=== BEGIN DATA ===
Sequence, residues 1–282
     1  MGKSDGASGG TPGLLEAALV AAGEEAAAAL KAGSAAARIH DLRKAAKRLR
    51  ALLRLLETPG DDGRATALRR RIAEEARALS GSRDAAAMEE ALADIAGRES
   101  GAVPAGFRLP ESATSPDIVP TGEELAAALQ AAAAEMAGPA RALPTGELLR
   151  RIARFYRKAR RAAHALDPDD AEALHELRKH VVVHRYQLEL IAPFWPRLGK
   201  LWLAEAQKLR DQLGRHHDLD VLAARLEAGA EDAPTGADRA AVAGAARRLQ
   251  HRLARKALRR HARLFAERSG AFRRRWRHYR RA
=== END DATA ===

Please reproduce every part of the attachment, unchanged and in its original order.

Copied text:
Sequence, residues 1–282
     1  MGKSDGASGG TPGLLEAALV AAGEEAAAAL KAGSAAARIH DLRKAAKRLR
    51  ALLRLLETPG DDGRATALRR RIAEEARALS GSRDAAAMEE ALADIAGRES
   101  GAVPAGFRLP ESATSPDIVP TGEELAAALQ AAAAEMAGPA RALPTGELLR
   151  RIARFYRKAR RAAHALDPDD AEALHELRKH VVVHRYQLEL IAPFWPRLGK
   201  LWLAEAQKLR DQLGRHHDLD VLAARLEAGA EDAPTGADRA AVAGAARRLQ
   251  HRLARKALRR HARLFAERSG AFRRRWRHYR RA